Talk:Ots-Toch

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Facts and legends[edit]

My biggest aspiration for this article is to separate the facts we know from the legends we've been told and the false stories that have been disproved. Any help is greatly appreciated! Mingusboodle (talk) 21:27, 18 May 2008 (UTC)

Religion[edit]

The article used to contrast Ots-Toch to Pocahontas because Ots-Toch rejected Christianity and returned to her Mohawk village without her Dutch husband, as opposed to Pocahontas adopting Christianity and moving to England with John Rolfe. Now the article simply says "They both adopted Christianity." Can anyone back this up with a reference? Canute (talk) 16:48, 28 August 2012 (UTC)

Deleted section[edit]

I just deleted the section below. It has citation tags that are over a year old. I have found sources (albeit weak) that suggest Ots-Toch rejected Christianity, but have yet to find even one that claim she adopted Christianity. Even if she did, this long verse made up most of the article about her, and I find it rather dubious. I'm not so concerned about the political incorrectness of the poem, but it looks a lot more like a 19th century invention than a genuine song "written" by a 15th century Mohawk after she met some of the first Europeans to settle in the area. A family tree is not a reliable source, and the bit of trivia at the end about Braintree and the Adams family is completely irrelevant to the subject of the article.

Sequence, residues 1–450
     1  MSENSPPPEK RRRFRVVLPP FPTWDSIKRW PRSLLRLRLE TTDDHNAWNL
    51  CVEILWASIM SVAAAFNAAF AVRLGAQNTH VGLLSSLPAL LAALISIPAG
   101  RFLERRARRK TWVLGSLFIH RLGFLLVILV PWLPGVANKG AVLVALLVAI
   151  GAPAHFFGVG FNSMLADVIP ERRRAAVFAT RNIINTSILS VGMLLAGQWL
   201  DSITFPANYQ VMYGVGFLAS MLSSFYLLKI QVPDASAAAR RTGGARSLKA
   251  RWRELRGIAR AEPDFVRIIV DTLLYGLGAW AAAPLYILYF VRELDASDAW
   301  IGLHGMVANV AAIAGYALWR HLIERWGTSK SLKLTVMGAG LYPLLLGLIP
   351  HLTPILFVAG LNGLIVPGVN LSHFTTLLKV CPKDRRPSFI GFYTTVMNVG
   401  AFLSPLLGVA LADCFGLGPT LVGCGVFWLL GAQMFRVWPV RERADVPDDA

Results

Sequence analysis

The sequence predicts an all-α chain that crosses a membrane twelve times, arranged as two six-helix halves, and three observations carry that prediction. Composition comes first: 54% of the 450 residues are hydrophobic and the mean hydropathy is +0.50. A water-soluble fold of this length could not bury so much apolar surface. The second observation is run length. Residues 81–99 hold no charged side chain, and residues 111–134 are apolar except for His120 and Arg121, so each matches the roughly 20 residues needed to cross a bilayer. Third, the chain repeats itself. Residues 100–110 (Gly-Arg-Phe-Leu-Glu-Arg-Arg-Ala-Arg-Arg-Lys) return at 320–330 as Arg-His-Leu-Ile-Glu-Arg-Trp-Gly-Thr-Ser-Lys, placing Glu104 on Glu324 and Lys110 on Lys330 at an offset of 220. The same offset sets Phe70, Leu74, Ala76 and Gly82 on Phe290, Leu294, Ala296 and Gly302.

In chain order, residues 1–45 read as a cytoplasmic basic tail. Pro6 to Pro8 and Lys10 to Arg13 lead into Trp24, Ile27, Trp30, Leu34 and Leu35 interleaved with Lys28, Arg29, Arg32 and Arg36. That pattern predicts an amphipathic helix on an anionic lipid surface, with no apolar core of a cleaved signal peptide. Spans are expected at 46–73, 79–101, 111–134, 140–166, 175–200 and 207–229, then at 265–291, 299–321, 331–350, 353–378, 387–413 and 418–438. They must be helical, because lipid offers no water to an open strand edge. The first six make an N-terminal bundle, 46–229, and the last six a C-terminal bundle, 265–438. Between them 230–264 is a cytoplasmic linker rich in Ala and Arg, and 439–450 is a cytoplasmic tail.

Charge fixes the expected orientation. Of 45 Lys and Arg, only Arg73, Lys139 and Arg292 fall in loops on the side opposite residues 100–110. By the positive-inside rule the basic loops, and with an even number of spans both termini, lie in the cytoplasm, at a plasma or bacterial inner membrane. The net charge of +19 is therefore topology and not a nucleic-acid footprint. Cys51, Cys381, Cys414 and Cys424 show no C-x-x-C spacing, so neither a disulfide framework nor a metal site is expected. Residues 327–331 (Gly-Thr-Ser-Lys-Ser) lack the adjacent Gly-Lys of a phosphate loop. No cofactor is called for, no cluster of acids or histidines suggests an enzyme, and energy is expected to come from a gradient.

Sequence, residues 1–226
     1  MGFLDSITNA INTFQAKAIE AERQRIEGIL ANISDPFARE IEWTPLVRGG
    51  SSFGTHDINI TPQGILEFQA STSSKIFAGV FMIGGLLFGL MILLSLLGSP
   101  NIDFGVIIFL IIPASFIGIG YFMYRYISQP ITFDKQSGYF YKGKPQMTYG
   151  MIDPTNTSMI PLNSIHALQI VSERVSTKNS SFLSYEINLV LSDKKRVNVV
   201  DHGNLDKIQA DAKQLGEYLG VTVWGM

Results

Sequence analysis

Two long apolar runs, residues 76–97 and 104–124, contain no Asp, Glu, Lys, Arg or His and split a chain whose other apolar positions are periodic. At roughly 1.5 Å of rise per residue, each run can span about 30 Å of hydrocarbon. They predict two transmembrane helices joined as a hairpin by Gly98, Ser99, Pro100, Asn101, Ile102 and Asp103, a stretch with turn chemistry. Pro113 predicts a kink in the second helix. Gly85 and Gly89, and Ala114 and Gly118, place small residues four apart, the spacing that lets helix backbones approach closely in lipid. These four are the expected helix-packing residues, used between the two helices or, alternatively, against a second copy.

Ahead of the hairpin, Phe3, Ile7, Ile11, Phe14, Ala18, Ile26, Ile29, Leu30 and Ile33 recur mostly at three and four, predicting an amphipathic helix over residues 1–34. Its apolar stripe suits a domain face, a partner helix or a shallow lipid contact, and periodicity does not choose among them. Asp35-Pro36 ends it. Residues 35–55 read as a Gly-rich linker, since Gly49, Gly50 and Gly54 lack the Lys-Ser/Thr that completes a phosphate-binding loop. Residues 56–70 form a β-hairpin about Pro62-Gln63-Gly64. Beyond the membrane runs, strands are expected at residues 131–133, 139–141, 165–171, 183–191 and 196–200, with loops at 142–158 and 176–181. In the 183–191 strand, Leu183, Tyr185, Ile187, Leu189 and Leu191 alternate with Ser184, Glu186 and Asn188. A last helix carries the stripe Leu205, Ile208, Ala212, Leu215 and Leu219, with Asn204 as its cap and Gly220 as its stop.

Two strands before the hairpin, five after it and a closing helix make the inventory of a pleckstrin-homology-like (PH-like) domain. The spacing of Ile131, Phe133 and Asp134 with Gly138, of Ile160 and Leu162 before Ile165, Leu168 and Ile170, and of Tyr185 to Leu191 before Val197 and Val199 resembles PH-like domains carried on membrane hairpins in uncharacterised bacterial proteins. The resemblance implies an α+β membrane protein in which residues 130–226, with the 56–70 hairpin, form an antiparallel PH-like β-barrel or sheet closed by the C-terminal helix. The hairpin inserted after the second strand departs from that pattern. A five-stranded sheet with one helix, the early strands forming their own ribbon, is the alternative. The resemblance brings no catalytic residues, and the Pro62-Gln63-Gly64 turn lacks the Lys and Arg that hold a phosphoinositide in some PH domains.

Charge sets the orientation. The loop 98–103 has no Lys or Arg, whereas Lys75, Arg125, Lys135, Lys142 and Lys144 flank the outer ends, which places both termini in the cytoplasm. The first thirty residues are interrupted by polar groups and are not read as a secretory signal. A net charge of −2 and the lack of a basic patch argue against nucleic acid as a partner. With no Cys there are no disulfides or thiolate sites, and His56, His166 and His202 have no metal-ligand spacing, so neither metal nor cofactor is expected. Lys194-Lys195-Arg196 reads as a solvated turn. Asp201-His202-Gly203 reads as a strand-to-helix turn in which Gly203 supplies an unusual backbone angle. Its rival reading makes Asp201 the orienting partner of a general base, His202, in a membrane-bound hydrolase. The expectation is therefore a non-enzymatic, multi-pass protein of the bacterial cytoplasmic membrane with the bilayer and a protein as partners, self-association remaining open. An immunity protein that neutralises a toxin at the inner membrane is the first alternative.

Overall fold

In local lore, Ots-Toch is often compared to Pocahontas, as the two share many similarities. Both converted to Christianity.[citation needed] Ots- Toch, who was married at the age of fifteen to Cornelisse Van Slyke, is reported to have written this song as a young woman, sometime after the Dutch arrived. Though perhaps not considered politically correct in modern day vernacular, the song she sang to her children, which was passed down through generations to her descendants, goes as follows:[citation needed]

 O'er the dark woods and forest wild
 My father in his wild nature smiled
 with tomahawk and bended bow
 to slay the reindeer and buffalo
 My brother in his bark canoe
 across the lake so gaily flew
 to catch the whitefish in the lake
 and shoot the wild ducks in the brake
 my mother in her wigwam sat
 with copious work and curious chat
 and I poor little Indian maid
 with acorn shells and wildflowers played
 and I beside my mother all day
 to weave the splintered baskets gay
 to pound the samp and tan the skins
 and mend my fathers moccasins
 I could not read, I could not sew
 my Saviors name I did not know
 till white man to the forest came
 and taught poor Indian Jesus name
 He built a church and school house near
 with Holy hymns and wildwood cheer
 Now I can read, now I can sew
 My Saviors name I'm taught to know
 Now my Redeemer I implore
 God bless the white man forever more."

This song was passed down through generations of her descendants, most notably Mary Jane Van Alstyne Maltby, who, interestingly, was also a direct descendant of Henry Adams, the founder of Braintree Mass., the ancestor of the two United States Presidents, John Adams and John Quincy Adams.[citation needed]